Nepal Airlines has recently purchased two new Airbus 320s and imported two Chinese aircraft after a gap of 24 years.

Kansakar was summoned by the parliamentary committee to shed lights on Nepal Airlines’ management reform plans and, most importantly, reports about financial loss caused by the new Chinese aircraft.

The committee asked Kansakar to submit all documents about the Chinese aircraft within 15 days.

As per a deal between Nepal and China on 28 November 2013, two aircraft manufactured by EVIC China, MA-60 (56 seater) and Y12-E (18 seater), were recently brought to Nepal. As per the same deal, Nepal Airlines will have to bring in four more China-manufactured aircrafts on grant and loan.

Citing loss caused by the Chinese aircrafts due to high insurance cost and expensive as well as not-so-easily-available spare parts, Nepal Airlines has decided to not bring in more aircrafts unless these two problems are sorted out. A high-level committee set up by the government is currently coordinating with China to find ways to lower insurance cost and supply spare parts easily.

Nepal Airlines had insured the new Chinese aircraft only for three months, saying that the deal might be scrapped if problems about insurance and spare persist.

But last week, Nepal Airlines renewed insurance of the Chinese aircraft for one more year, hinting that the deal might not be scrapped. Kanskar told Nepali Times that insurance cost has been lowered this time around. “It would have been impossible to operate the Chinese planes without lowering the insurance cost,” he said.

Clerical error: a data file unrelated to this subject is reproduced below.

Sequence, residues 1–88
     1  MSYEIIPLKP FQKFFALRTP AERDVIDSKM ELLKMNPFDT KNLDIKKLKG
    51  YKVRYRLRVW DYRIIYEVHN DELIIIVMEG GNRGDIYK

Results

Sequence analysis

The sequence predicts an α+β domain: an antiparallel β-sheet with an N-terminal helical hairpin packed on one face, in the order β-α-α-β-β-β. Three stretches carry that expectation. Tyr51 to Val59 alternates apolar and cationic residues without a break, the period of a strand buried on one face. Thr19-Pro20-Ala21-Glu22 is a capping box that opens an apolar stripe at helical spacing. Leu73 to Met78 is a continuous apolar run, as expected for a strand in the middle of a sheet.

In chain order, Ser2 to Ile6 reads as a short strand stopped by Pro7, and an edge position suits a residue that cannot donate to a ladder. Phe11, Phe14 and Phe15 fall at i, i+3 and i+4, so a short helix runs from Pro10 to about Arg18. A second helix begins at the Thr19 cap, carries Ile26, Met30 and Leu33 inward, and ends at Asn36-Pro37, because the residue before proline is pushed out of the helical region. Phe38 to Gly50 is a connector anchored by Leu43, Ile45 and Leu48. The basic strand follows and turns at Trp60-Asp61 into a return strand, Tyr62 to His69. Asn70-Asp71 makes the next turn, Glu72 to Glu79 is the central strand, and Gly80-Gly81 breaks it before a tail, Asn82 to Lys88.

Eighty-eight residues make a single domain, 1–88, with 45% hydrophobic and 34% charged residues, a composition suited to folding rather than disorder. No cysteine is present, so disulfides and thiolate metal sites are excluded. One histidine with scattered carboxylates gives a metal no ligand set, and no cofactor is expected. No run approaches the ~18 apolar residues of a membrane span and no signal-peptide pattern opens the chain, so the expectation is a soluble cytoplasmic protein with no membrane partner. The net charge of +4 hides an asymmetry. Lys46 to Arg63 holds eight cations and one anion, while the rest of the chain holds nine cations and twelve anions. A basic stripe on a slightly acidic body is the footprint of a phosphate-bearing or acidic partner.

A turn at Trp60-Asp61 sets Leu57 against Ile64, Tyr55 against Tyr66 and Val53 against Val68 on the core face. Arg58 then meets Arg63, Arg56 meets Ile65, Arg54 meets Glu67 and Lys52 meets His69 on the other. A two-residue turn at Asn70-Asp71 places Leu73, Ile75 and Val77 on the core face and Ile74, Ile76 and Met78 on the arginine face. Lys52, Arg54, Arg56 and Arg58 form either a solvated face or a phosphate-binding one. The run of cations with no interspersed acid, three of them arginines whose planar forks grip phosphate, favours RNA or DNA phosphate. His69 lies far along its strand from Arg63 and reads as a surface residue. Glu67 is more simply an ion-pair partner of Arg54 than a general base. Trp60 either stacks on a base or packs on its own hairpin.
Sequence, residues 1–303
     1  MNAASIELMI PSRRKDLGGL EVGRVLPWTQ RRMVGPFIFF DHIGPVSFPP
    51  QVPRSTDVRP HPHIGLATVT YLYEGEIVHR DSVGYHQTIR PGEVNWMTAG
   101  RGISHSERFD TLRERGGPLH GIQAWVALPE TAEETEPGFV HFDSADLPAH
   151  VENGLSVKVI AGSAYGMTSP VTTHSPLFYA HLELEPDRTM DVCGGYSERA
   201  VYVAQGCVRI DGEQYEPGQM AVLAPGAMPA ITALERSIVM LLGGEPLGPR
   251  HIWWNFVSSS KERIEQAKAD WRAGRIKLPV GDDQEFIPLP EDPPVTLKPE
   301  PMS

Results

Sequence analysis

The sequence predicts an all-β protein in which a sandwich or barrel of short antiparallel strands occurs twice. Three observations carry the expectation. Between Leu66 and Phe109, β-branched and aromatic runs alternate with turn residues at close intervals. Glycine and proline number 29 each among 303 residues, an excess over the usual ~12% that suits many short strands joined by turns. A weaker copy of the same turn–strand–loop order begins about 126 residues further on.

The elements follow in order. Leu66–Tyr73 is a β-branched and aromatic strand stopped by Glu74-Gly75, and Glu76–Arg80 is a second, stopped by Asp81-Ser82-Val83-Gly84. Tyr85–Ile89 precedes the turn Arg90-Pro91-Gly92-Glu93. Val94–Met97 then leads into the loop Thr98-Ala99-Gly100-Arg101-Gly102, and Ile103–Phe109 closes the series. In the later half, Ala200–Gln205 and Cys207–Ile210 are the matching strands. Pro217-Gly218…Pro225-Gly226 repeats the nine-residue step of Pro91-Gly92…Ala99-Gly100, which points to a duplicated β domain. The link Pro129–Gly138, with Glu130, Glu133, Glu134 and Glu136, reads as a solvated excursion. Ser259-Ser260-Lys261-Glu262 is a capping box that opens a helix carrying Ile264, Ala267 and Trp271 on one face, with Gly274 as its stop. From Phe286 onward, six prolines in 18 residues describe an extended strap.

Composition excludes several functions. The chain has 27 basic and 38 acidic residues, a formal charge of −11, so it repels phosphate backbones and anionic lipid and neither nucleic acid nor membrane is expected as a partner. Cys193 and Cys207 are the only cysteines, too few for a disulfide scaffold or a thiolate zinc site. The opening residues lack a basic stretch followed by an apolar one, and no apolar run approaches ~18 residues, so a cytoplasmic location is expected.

Thank you Nepal

Saturday, August 1st, 2015
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e8sKxBHPeregrine Frissell

Like many international travelers, I had made my plans to come to Nepal well in advance of the quake. After 25 April I was discouraged by many people who knew of my plans.

Stuck in the pall of assumption and misinformation, they encouraged me to stay home where they presumed it was safer. They thought I was trying to be the hero, swooping in after the disaster to lend my infinite wisdom and guidance as a 20-year-old college student. Everyone claimed to know that the last thing Nepal needed was for me to go.